bluetrismallIf Agent Johns had been in the parking lot, presumably he would have been in the act of searching, and this action would have been obvious to anyone who saw him. Why, then, would Officer Smith have even approached him? What's more, Johns was wearing a coat and tie, which makes it even harder to understand why Officer Smith would have approached him if he had been the man in question.

bluetrismallConfronted with the fact that Agent Johns said nothing in his report (or later) about being challenged behind the fence by a police officer, Mills suggests that Johns omitted this event because he was embarrassed over having become separated from Vice President Johnson and/or because his actions indicated he believed shots came from the right front. But why would Johns have remained silent in subsequent years when Warren Commission critics repeatedly and loudly pointed to Smith's encounter as evidence that a phony SS man was stationed on the knoll? And, was Johns alive during the House investigation? If so, given the attention that Smith's encounter received during that inquiry, wouldn't Johns have come forward to clear up the matter then? If Johns had been the man Smith saw, one would think that Johns would have shared this historic fact with at least a few of his closest friends and family, and, if this were the case, surely one of them would have long since disclosed this information by now.

bluetrismallThe Select Committee investigated Smith's story and determined that no SS men were behind the picket fence at the time of the encounter (Blakey 101).

bluetrismallFrom my reading of Smith's and Wiegman's accounts, I seriously doubt that Johns could have been in the parking lot behind the grassy knoll at the time Smith encountered the man with dirty hands wearing a sports shirt and sports pants.

bluetrismall Mills assumes that Johns could have been the man seen by Officer Smith because Johns does not appear in certain photos of the knoll. However, the photographic record of the knoll during the time in question is neither continuous nor complete. Agent Johns could have been just out of sight a little farther north on Elm Street. Or, he could have been behind the end of the western wall of the pergola. Wiegman's account clearly indicates that he saw Johns in this general area, either near the end of the wall or just behind it--or both, for that matter, though obviously not at the same time (Trask 372-373). But, this account is a far cry from getting Johns in the parking lot, much less getting him there in time to be seen and then challenged by Officer Smith.

"Are we also to assume that Smith would not have approached
a well dressed suspect? Don't assassins wear coats and ties?"

bluetrismallMills' theory appears to be refuted by the photographic evidence. Photos and film footage taken by Wiegman, Malcolm Couch, and Richard Bothun, for example, indicate that Wiegman's press car left the plaza--WITH AGENT JOHNS IN IT--no more than 60-70 seconds after the final shot, and possibly as early as 45-55 seconds afterward (cf. Trask 156-157, 374-376, 426-427). Bothun photo 4 was taken about 30 seconds after the last shot. In it we see Wiegman pointing his camera at an oncoming patrolman, Clyde Haygood. This was AFTER Wiegman had filmed the Newmans and the Hesters (Trask 157). Wiegman stopped filming a few seconds later. Then, about 15-20 seconds after that, Wiegman raced to catch his car after running down the grassy slope toward another woman who was lying on the ground (Trask 374)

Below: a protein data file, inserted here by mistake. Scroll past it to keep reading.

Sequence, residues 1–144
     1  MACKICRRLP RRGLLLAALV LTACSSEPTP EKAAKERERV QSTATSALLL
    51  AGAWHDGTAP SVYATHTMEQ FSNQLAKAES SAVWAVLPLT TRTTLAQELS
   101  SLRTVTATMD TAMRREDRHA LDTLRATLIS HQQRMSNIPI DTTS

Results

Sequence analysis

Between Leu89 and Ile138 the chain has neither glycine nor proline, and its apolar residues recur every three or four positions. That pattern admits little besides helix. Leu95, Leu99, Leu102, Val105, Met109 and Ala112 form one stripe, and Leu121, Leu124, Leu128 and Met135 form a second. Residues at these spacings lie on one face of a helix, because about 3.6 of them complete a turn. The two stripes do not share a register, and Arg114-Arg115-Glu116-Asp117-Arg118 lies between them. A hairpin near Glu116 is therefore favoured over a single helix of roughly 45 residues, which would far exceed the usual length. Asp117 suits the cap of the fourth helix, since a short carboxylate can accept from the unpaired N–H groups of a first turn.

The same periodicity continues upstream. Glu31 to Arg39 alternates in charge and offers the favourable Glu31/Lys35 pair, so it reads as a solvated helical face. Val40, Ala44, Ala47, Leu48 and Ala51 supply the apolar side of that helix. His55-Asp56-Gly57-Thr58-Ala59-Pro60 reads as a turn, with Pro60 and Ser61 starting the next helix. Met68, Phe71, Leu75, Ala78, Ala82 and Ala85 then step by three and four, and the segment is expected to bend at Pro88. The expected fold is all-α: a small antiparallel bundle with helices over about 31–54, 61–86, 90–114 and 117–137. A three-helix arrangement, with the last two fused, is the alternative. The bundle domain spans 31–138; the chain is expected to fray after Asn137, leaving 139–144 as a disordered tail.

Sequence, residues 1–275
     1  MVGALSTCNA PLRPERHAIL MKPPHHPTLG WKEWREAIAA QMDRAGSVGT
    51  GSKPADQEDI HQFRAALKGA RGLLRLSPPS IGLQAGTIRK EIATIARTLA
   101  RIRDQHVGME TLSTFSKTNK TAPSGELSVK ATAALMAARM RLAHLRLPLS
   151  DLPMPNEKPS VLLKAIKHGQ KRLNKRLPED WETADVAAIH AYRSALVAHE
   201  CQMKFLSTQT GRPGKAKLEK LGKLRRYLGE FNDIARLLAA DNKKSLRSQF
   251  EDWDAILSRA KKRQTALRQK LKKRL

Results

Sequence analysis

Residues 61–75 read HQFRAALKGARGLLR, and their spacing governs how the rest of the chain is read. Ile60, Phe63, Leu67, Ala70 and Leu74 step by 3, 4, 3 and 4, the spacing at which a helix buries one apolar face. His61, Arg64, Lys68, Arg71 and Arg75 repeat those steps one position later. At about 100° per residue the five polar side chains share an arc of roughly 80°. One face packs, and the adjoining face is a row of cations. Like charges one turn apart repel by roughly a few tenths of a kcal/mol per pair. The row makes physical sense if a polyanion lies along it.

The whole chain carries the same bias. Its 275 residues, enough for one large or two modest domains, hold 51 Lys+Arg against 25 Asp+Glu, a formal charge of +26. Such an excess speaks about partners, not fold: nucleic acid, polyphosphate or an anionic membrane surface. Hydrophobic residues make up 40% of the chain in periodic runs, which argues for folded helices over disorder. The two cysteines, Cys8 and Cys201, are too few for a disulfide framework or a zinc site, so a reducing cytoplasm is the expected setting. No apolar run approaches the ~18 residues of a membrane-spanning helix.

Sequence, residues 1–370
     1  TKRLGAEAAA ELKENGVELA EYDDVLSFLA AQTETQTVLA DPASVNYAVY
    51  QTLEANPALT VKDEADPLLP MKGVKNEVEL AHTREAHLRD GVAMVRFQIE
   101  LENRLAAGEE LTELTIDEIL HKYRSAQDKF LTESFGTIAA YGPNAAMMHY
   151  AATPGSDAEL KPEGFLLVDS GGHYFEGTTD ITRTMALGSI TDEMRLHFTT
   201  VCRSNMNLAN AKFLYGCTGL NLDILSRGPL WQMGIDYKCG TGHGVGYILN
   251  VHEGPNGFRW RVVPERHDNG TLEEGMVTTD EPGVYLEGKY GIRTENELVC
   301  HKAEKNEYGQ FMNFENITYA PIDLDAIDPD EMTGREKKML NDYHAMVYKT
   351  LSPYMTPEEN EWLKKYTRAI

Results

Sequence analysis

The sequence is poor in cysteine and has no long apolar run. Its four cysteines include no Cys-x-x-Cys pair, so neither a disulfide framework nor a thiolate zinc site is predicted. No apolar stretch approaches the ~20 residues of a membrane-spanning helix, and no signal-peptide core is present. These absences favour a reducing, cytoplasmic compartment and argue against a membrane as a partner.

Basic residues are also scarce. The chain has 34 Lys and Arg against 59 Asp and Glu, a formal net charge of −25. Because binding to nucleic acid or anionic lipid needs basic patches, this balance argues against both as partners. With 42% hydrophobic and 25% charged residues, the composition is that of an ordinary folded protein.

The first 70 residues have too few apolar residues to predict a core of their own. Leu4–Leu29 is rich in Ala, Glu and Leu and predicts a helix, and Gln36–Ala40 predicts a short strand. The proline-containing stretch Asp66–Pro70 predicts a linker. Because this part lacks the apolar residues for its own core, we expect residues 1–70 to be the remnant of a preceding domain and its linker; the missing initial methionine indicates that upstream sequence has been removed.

bluetrismallSo Bothun photos 4 suggests that Wiegman's car left the plaza about 50-65 seconds after the shooting. In the Couch film we see what appears to be Agent Johns and newsman Tom Atkins running to the street to catch a ride, and Johns is seen to vault over the trunk of Wiegman's camera car (Trask 425-427). When did Couch capture this scene on film? Approximately 45-65 seconds after the last shot was fired. In short, Johns did not have enough time to do all the things required of him by Mills' theory. Richard Trask has reached the same conclusion, as Mills candidly acknowledges in a footnote.

To judge from the available evidence, Officer Smith encountered the mystery man--again, keep in mind, in the parking lot behind the knoll--about 25-40 seconds after the shots were fired. Smith indicated the man was already among the cars when he saw him (Summers 50). Not only was the man already there, but the man apparently did not rush off right after the encounter, as Johns would have had to do in order to catch his ride with Wiegman. If the man had suddenly run off, one would think Smith would have mentioned this in his WC testimony or in his interview with Summers. After the man showed Smith what appeared to be Secret Service identification, Smith continued to search among the cars. The logical implication is that the man remained in the parking lot for a while. In addition, it stands to reason that the mystery man did not suddenly arrive to the parking lot just a few seconds before Officer Smith saw him, since one would suspect that Smith would have mentioned this as well.

In other words, it seems reasonable to assume that the man was in the parking lot well before Smith began to search around the cars. Moreover, Officer Smith's encounter with the mystery man appears to have occurred at roughly the same time that Wiegman saw Agent Johns near the end of the western wall of the pergola. The parking lot was a good 40 feet from this area and was separated from it by the picket fence.

 

Michael T. Griffith, 1996

 

Bibliography

(1) All subsequent references are listed below in alphabetical order:

Anderson, Jack, American Expose: Who Murdered JFK?, New York: Journal Graphics' Transcript, 1988.

Blakey, G. Robert and Richard Billings, Fatal Hour, Berkley Books Edition, New York: Berkley Books, 1992.

Hurt, Henry, Reasonable Doubt: An Investigation Into The Assassination Of John F. Kennedy, New York: Holt, Rinehart, and Winston, 1985.

Posner, Gerald, Case Closed: Lee Harvey Oswald And The Assassination Of JFK, New York: Random House, 1993.

Scheim, David, The Mafia Killed President Kennedy, London: Virgin Books, 1988.

Summers, Anthony, Conspiracy: The Definitive Book On The JFK Assassination, Updated and Expanded Edition, New York: Paragon House, 1989.

Trask, Richard, Pictures Of The Pain: Photography And The Assassination Of President Kennedy, Danvers, Massachusetts:Yeoman Press, 1994.

bulletSee also The Agent on the Grassy Knoll

bullethttp://www.jfklancer.com/Chronicles.html


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Comprises of conversations with eight individuals who agreed to talk. For the first time, these